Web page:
The discussion here concerns the ideas set out in three articles, each with a different set of coauthors: Concordance and Conflict in Intuitions of Justice (“C&C”), The Origins of Shared Intuitions of Justice (“Origins”), and Intuitions of Justice: Implications for Criminal Law and Justice Policy (“Implications”). Those pieces were an attempt to change the way legal scholars think about intuitions of justice. Professors Donald Braman, Dan Kahan, and David Hoffman (“BKH”) offer some criticisms. Some we do not disagree with. Others we do.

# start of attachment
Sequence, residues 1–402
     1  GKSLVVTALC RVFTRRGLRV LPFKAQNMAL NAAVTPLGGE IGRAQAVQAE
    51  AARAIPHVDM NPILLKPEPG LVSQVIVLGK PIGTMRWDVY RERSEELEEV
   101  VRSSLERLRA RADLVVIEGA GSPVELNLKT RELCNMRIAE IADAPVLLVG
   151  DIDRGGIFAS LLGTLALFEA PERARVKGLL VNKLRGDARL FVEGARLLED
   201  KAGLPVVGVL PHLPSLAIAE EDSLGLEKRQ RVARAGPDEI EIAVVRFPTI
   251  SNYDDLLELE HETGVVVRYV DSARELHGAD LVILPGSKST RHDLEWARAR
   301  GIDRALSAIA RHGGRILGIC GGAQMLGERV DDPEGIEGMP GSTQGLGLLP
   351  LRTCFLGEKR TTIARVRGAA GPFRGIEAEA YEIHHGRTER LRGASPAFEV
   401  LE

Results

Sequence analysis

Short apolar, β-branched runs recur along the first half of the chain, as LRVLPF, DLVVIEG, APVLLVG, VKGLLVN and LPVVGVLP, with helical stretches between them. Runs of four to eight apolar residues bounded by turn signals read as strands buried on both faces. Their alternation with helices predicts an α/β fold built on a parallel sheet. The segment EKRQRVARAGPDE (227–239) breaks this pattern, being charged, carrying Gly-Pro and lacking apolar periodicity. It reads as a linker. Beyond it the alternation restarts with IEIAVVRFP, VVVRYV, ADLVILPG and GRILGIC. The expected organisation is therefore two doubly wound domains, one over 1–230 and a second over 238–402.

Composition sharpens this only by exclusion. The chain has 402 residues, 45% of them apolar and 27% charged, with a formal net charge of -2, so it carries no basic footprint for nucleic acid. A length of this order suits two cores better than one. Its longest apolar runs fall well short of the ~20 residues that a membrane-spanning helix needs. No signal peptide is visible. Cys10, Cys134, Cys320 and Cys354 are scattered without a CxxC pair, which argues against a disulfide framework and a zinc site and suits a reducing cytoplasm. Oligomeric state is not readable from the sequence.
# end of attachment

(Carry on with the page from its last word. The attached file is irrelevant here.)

We concede at the start that our past discussions must have been insufficiently careful in their language, as evidenced by the fact that BKH have misread us as they have. We are in BKH’s debt for having revealed the problem. (We also thank them for their true generosity in supporting us in our discussions with the Law Review about writing this Response, and thereby giving us the opportunity to make our positions clear.)